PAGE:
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Helpful Terms for Buying/Selling Your Home

Buying or selling a home is one of the most important undertakings of a lifetime. When buying or selling a home, there are many real estate terms that may be unfamiliar to you. Check out this list of commonly used terms that you may find helpful during the process.

AIR:  Adjustable Interest Rate

AMORTIZATION SCHEDULE: A schedule showing the principal and interest payments throughout the life of the loan.

APPRAISED VALUE: An opinion of the value of a property at a given time, based on facts regarding the location, improvements, etc. of the property and surroundings.

CD/CLOSING DISCLOSURE: This form is a statement of final loan terms and closing costs. Sometimes referred to as ICD or Integrated Closing Disclosure.

COMMITMENT:  The document by which a title insurer discloses to all parties connected with  a particular real estate transaction all the liens, defects, and burdens and obligations that affect the subject property.

CREDIT REPORT: A report on the past ability of a loan applicant to pay installment payments.

DOCUMENT PREPARATION FEE: A charge by an attorney for preparing legal documents for transaction.

ESCROW FEE: A fee charged by the title company to service the transaction, to escrow monies, and cover documents. Usually split between buyer and seller.

ESCROW ACCOUNT: Funds held by the lender for payment of taxes and insurance when due. Usually does not include maintenance fees.

HOA ASSESSMENT FEES: Charged by the homeowner’s association as set out in subdivision restrictions.

HOMEOWNER’S INSURANCE:  Protects the property and contents in case of loss; must be for at least the loan amount or for 80% of the value of the improvements, whichever is greater.

INSPECTIONS: An examination of property for various reasons such as termite inspections; to see if required repairs need to be made before funds are received, etc.

INTEREST: Money paid regularly at a particular rate for the use of money lent.

LOAN TITLE POLICY: Required by the lender to insure that the lender has a valid lien; does not protect the buyer.

ORIGINATION FEE:  A fee the buyer pays the lender to originate a new loan.

OWNER’S TITLE POLICY: Insures that the buyer has title to the property, that there are no other claims as to ownership. Among other matters, it also insures access to the property, the right to occupy the property, good and indefeasible title, and that there are not other types of specific liens against the property. 

POINT:  1% of the loan amount.

PREPAIDS: Items to be paid by the buyer in advance of the first scheduled payment of the loan (Homeowner’s Insurance Premium, Mortgage Insurance Premium, Prepaid Interest, Property Taxes and a maximum of three additional items).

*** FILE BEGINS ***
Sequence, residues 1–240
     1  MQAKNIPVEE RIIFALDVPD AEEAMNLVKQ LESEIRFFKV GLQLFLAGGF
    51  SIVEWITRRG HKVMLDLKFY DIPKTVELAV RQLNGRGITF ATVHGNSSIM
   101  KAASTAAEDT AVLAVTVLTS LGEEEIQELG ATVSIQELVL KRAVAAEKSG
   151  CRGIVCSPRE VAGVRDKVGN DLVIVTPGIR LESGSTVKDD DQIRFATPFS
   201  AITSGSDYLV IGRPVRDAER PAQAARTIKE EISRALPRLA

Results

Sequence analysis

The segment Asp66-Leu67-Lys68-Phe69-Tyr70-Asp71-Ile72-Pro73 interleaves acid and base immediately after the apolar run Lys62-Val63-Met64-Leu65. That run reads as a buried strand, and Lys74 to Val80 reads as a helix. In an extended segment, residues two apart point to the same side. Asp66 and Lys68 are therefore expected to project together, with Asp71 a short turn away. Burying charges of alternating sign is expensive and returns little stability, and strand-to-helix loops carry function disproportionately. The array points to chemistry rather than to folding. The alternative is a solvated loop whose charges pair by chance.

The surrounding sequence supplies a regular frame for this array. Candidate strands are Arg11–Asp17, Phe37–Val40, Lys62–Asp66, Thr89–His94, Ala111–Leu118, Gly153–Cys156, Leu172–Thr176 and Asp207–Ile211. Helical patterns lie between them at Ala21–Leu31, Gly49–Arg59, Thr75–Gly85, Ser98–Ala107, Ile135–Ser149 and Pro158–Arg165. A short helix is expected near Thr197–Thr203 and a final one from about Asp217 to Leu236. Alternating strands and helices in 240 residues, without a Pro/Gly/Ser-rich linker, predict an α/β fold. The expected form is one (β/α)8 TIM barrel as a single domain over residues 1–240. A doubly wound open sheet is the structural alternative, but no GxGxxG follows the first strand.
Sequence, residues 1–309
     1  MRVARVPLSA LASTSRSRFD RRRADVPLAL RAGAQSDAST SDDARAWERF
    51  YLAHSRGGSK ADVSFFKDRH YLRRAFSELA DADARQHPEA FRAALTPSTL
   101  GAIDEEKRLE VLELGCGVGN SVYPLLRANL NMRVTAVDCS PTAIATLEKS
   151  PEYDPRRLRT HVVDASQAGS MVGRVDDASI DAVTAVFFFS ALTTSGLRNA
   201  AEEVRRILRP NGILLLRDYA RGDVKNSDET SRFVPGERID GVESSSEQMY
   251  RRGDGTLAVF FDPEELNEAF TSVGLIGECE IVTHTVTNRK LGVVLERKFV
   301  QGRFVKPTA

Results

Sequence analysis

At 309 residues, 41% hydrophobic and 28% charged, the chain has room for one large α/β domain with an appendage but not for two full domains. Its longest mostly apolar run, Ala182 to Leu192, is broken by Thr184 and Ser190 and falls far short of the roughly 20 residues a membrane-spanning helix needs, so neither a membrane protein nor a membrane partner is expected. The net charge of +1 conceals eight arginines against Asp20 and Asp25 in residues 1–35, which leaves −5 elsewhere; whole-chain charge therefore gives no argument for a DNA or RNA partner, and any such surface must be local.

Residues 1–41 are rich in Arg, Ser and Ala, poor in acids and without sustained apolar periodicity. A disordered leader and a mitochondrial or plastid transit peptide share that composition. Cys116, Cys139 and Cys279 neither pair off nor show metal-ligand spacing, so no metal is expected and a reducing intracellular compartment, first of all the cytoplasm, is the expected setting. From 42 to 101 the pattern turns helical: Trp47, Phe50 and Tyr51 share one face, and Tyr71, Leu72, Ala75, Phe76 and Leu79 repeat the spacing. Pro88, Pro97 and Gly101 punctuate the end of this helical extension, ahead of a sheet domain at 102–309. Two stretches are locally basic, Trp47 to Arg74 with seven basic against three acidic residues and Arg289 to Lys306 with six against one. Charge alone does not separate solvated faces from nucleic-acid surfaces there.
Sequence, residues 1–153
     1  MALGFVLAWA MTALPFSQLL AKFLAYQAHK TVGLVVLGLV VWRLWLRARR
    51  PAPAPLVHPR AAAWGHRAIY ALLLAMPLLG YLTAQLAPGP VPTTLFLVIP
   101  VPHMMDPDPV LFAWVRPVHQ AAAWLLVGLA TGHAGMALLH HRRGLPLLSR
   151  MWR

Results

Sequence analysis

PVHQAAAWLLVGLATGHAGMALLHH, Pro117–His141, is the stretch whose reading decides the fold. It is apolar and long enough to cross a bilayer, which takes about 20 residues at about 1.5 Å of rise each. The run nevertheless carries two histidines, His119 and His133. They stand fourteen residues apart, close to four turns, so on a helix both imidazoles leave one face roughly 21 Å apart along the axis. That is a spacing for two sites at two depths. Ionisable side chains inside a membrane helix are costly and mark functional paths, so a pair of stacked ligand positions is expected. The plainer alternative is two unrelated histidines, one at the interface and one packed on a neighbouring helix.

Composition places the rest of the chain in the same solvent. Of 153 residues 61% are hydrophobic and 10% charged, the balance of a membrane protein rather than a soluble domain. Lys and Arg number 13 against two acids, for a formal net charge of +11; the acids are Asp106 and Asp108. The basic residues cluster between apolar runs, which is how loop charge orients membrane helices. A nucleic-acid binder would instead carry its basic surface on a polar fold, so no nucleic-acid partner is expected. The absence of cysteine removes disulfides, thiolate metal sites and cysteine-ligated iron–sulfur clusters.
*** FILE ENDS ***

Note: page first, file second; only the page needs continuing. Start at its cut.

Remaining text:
PREPAYMENT PENALTY:  Charged by the lender for premature payment of a loan balance.

PRIVATE MORTGAGE INSURANCE: Insurance against a loss by a lender (mortgagee) in the event of default by a borrower (mortgagor).

REALTOR FEES:  An amount paid to the REALTOR® as compensation for their services. RECORDING FEES: Charged by the County Clerk to record documents in the public records. RESPA:  Real Estate Settlement Procedures Act.

RESTRICTIONS: Certain limitations or conditions related to the future use of the property put on the property by a prior owner. These restrictions stay with the property until they expire or are amended as per certain procedures set forth in the restrictions.

SURVEY:  Confirms lot size and any encroachments or restriction violations.

TAX CERTIFICATES: Certificates issued by taxing authorities showing the current year’s taxes, the last year the taxes were paid, and any delinquencies to be collected at closing.

TAX PRORATION: Means that the payment of the taxes for the year of sale are divided between the Buyer and Seller, usually based on the amount of time the Seller owned the property during that year. Prorations, and how they are calculated, are typically addressed in the Contract of Sale.

TIL:  Truth in Lending.

TIP: Total Interest Percentage; the total amount of interest the borrower will pay over the loan term as a percentage of the loan amount.

TOTAL OF PAYMENTS: Total amount paid after all payments of principal, interest, mortgage insurance and loan costs are scheduled. 

To download our Helpful Terms for Buying/Selling Your Home flyer,  visit Helpful Terms for Buying and Selling Your Home.

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Republic Title Announces ALTA Best Practices Recertification

Republic Title of Texas, Inc. is proud to announce our completion of HA&W’s ComplianceSuccess® Program which certifies compliance with American Land Title Association (ALTA) Best Practices. ALTA’s Best Practices Framework includes:

1.      Licensing: Establish and maintain current License(s) as required to conduct the business of title insurance and settlement services

2.      Escrow Trust Accounting: Adopt and maintain appropriate written procedures and controls for Escrow Trust Accounts allowing for electronic verification of reconciliation.